man wearing football helmet

Everyday, we’re learning more and more about concussions. Something coming to light is that teenagers can have more severe concussions compared to adults. With their brains still developing, side effects from a big hit to the head can be detrimental. Teens also tend to put themselves at risk of getting multiple concussions in a short period of time. This is because the initial symptoms may not be very noticeable, and athletes want to push through and keep on playing. If an adolescent takes a hit to the head, they need to be checked out by a doctor (Cabun Regional Health). 

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Ava
October 20, 2021 5:12 am

Zoe, I find your topic to be extremely important and relevant with all the competitive sports being played right now. Having had four concussions myself, your topic really resonates with me. When you talked about teens being more at risk for concussions in shorter periods of time and not recognizing warning signs, I found this to be super interesting. Thank you so much for writing about this extremely important topic, I look forward to reading more of your writing!

September 17, 2021 7:48 pm

Comming from past experiences concussions are pretty scary and uncomfortable, a few years ago I think my freshman year of high school, I was nailed into the ground playing indoor lacrosse, and I came up not knowing where I was or what I was doing, one of the scariest experiences of my life, by far.

September 17, 2021 7:44 pm

It makes sense that teens would have more concussions than adults, they are significantly more active than most adults. But I hadn’t yet considered the fact that they would be worse strictly because of their developing brain. Nice job Zoe.

September 17, 2021 6:38 pm

I find this topic extremely interesting, especially as sports are getting more intense and more competitive. I know that many people who I have played a sport with have gotten concussions during games, and they have been ought for several weeks or longer. I would also like to point out that many athletes push through most of their injuries, not just concussions and don’t visit the trainer as often as they should. This poses a question in my mind and that is, what percentage of teenagers have had a concussion?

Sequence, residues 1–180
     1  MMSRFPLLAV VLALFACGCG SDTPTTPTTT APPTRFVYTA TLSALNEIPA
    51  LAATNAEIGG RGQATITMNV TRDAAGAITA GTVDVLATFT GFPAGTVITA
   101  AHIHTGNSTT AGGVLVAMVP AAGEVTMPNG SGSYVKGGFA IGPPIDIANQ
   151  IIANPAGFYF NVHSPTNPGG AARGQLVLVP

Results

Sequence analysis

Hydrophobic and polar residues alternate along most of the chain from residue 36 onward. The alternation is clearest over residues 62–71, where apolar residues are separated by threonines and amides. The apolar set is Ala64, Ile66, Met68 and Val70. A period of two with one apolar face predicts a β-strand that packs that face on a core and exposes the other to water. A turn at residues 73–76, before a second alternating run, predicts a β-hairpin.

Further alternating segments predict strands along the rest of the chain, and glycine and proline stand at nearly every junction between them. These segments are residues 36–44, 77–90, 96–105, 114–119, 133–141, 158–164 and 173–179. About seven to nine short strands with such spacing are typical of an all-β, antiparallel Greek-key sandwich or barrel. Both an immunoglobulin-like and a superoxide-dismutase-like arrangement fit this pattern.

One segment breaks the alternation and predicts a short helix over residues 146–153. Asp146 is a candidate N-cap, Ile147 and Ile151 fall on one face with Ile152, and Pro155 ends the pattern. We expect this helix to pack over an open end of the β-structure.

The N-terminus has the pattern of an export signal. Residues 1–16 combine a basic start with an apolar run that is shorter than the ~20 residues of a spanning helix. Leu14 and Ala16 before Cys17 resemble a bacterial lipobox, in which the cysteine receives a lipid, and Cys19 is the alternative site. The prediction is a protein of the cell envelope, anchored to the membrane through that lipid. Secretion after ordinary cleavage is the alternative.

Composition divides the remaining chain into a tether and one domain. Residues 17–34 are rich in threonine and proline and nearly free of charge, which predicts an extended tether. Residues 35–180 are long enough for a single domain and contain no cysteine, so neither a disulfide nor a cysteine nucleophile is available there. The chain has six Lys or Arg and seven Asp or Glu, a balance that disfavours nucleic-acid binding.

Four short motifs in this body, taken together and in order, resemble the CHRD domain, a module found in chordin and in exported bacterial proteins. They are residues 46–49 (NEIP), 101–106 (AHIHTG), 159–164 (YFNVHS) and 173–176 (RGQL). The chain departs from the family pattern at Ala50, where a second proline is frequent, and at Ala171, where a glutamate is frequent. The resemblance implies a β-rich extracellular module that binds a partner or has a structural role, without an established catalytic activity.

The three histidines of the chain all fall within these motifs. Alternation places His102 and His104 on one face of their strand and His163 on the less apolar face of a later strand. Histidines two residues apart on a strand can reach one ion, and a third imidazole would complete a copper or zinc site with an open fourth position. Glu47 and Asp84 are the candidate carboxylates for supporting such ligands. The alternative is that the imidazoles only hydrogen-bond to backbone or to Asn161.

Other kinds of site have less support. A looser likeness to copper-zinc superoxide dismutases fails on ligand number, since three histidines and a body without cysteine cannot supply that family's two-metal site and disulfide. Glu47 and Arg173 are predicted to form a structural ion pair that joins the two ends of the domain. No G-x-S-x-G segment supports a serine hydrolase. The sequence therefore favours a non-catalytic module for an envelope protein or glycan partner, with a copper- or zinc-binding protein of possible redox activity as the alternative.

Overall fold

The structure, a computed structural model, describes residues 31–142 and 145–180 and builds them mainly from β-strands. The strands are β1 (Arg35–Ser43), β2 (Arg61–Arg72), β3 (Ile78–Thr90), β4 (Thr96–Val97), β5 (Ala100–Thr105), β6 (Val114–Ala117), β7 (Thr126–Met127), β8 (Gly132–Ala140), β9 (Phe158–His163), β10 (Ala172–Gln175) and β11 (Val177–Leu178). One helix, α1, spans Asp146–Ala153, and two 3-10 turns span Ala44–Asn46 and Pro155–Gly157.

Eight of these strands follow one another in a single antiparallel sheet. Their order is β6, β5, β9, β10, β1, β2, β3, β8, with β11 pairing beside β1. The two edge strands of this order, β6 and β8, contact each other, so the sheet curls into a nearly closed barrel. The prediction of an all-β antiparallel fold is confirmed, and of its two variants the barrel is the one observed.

September 17, 2021 5:51 pm

Hey Zoe! I think it’s interesting that you mention that teens put themselves at more risk to getting multiple concussions in a short period of time because the athlete wants to continue to push even if they shouldn’t. I know that a lot of my teammates and myself are guilty of doing this whether it relates to a concussion or another injury. This definitely brought light to the fact that you should take time off and respect recovery time in order to protect a developing teen brain.

Kate
September 17, 2021 5:47 pm

This is a great viewpoint on concussions. A sentence I found very interesting was “This is because the initial symptoms may not be very noticeable, and athletes want to push through and keep on playing.” I thought this was interesting because it is one of the reasons why teenagers are prone to multiple concussions. I have many friends that have pushed through their concussion to keep doing their sport, so this is definitely true. I would love to hear more about how these concussions specifically affect the brain development of teenagers.

September 17, 2021 5:44 pm

This is a very well writing and composed post. I like how you are bringing to attention about concussions and how they can be worse than they seem, Especially for teenagers and their developing brains.

September 17, 2021 5:44 pm

What are some ways we can limit the risk of severe concussions for children? For example, could football helmets be changed in order to make them more effective in stopping concussions?

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